Michigan holds off Syracuse to reach title game

ATLANTA — It wasn’t easy, but that doesn’t matter much right now.

The Wolverines are headed to Monday night, which in college basketball means only one thing — 40 minutes from the national title.

Playing a spectacular first half often isn’t enough, but the Wolverines punched back when shoved in the second half, holding off Syracuse in the national semifinal, 61-56, at the Georgia Dome on Saturday night.

That earns them a potential shining moment against Louisville with the championship — the one they’ve chanted about all year long — on the line.

And they did it despite a poor performance, possibly the season’s worst, from national player of the year Trey Burke, who had one field goal and a team shooting percentage under 40.

That said enough about their remarkable balance. With three players — Tim Hardaway Jr., Mitch McGary and Glenn Robinson III — barely squeezing into double figures — the Wolverines (31-7) picked each other up.

Syracuse (30-10) made a second half run, supported by their large fan base among the 75,350 in attendance and got within one point with 41 seconds remaining on a James Southerland three to make it 57-56 U-M.

But Mitch McGary made the big play, taking a charge with 19 seconds left to steal a possession.

That helped overcome their horrific free throw shooting, as the Wolverines missed their free throws down the stretch, going 4-of-9 in the final 1:10.

The clock kept ticking and the exhausted Wolverines kept trying to just collapse across the finish line.

It helped Michigan that Syracuse point guard Michael Carter-Williams matched Burke, fouling out and scoring just two points.

The second half looked awfully familiar.

While an 11-point halftime lead looked nice, Syracuse came out of halftime energized.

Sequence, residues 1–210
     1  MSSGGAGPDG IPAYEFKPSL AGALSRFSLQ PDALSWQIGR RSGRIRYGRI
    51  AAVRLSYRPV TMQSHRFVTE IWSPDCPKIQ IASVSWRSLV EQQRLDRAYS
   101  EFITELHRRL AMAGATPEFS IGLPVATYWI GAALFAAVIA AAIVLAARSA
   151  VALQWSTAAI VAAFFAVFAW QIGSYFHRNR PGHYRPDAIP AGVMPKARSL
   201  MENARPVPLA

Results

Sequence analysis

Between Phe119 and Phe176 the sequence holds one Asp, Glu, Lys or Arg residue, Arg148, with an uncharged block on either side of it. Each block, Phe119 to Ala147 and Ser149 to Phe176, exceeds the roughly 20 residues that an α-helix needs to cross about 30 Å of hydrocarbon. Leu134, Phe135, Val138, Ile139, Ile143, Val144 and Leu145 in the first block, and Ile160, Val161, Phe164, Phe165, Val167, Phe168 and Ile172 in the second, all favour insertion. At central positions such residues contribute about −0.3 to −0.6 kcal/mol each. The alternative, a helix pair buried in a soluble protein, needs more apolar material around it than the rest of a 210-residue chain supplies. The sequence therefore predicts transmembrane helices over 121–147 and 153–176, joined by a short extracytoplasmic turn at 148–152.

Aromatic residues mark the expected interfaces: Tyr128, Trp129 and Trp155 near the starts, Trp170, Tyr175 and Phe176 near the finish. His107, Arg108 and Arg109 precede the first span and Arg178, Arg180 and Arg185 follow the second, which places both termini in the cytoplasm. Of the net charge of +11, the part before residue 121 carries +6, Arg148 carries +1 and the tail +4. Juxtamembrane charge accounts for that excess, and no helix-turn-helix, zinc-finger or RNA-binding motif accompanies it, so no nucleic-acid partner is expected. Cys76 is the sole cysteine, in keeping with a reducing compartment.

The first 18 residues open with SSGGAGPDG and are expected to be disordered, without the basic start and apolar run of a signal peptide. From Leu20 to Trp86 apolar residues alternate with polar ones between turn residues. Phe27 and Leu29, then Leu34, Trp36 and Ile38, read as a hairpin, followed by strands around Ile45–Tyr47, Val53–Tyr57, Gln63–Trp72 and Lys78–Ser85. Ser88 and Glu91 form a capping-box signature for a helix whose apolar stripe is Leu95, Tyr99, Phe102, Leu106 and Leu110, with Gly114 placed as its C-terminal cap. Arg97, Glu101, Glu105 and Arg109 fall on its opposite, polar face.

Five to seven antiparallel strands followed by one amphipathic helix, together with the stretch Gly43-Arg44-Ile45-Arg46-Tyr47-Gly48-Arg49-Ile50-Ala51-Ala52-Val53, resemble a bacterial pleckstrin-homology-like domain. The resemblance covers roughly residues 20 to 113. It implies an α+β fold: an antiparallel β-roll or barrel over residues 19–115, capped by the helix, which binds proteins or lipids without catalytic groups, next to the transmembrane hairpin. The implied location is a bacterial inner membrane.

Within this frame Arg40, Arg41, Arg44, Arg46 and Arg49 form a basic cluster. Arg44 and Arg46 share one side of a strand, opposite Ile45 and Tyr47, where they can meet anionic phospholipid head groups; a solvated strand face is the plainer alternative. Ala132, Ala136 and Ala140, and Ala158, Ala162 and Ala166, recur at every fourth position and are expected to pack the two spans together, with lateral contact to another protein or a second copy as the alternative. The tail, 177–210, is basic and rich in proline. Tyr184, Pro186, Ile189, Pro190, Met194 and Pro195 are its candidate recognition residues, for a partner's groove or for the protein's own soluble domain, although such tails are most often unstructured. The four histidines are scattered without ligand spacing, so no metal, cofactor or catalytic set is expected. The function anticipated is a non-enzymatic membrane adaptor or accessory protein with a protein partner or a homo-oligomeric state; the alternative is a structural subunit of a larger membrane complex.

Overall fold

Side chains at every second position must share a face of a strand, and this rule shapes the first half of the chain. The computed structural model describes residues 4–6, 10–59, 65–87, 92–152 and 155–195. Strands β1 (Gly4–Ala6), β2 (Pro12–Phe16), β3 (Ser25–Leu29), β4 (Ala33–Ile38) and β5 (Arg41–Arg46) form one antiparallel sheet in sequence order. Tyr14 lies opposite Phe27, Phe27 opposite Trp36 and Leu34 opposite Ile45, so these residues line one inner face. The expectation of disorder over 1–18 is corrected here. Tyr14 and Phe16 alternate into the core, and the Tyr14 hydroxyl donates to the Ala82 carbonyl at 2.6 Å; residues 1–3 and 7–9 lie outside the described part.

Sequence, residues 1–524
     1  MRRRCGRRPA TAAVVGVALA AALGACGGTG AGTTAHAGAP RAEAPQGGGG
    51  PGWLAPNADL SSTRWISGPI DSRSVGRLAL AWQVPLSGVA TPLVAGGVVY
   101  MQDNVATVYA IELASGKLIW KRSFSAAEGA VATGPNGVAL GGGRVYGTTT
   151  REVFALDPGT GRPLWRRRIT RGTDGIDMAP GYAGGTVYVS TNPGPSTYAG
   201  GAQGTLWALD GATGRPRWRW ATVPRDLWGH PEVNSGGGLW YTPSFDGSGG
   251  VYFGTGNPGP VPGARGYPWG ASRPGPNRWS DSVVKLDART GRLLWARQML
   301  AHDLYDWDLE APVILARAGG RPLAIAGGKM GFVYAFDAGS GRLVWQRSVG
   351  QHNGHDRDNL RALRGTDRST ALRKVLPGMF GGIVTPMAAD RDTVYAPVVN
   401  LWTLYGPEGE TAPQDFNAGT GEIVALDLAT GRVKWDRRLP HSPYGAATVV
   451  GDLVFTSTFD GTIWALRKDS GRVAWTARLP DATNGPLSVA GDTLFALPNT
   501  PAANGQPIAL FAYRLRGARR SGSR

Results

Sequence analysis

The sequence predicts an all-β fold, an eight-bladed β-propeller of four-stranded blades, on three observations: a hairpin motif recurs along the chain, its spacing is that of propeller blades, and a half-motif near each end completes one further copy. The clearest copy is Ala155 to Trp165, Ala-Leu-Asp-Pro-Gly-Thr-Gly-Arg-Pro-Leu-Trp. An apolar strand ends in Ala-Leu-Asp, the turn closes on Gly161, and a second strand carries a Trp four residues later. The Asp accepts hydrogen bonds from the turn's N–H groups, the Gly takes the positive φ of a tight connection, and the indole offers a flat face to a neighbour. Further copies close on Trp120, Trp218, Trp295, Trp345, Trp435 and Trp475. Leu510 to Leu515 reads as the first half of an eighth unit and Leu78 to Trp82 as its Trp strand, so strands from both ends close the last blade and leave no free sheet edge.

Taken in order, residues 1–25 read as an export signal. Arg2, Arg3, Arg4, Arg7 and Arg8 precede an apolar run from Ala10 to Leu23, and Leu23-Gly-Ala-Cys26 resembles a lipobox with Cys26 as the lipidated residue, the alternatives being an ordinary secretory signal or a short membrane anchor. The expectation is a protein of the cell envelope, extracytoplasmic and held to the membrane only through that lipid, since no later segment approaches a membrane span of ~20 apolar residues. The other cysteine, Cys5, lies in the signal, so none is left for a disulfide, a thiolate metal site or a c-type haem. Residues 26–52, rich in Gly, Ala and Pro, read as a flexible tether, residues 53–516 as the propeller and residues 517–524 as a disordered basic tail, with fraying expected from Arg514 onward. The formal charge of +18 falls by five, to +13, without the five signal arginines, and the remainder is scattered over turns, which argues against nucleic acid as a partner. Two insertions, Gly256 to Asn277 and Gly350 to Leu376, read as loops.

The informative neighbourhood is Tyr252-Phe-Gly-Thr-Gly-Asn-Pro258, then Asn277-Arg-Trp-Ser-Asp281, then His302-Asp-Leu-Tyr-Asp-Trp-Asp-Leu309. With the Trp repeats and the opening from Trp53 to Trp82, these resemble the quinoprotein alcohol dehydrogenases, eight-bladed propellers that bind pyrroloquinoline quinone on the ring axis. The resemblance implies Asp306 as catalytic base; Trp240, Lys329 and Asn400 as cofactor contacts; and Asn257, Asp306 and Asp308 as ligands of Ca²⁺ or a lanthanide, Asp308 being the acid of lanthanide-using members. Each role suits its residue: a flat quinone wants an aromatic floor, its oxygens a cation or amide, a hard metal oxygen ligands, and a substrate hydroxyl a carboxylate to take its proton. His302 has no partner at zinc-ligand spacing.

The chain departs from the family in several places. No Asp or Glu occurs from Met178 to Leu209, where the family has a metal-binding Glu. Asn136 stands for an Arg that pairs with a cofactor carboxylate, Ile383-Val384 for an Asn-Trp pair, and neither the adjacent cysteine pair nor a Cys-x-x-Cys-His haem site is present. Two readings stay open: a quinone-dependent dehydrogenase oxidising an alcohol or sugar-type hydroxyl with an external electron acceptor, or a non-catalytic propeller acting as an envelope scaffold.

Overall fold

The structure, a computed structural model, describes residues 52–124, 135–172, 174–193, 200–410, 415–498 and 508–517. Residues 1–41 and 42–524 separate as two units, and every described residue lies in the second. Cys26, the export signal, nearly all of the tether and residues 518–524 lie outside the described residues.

Syracuse cut cut into the big lead thanks to a number of ill-advised shots and sloppy play by the Wolverines. As they gave away possessions on offense, they couldn’t handle Syrcause’s C.J. Fair on defense, with the Orange cut U-M’s lead to four points with 11 minutes remaining and kept pushing.

The first half showed how much the Wolverines have evolved this year over John Beilein’s first five teams.

Those were two-man tandems, each year leaning heavily on a pair of stars to carry them and if one was even slowed, the Wolverines had no answers.

On Saturday, Michigan’s depth was the difference in taking a 36-25 halftime lead.

The Wolverines’ bench scored 16 points, as every switch Beilein made worked perfectly.

First with Caris LeVert, who hit a pair of three-pointers. Then Jon Horford, who drove the lane for an and-one. Spike (Michael, according to the proper NCAA scoresheet) Albrecht with a pair of dead-eye threes and even Jordan Morgan got a free throw to get in the book.

All of that was necessary as U-M’s usual stars struggled — Hardaway Jr. and Burke combined to shoot 3-of-12 before the break — but they were steady.

Neither committed a turnover and, though Burke dropped his first points on a long-range three late in the half, he was calm.

Maybe that’s because he knows now he has Mitch McGary to carry the load. By the break, McGary had six points and seven rebounds, but his two most impressive plays came when he led a fast break, dishing to Hardaway, and on a no-look dish to Glenn Robinson III for a hoop.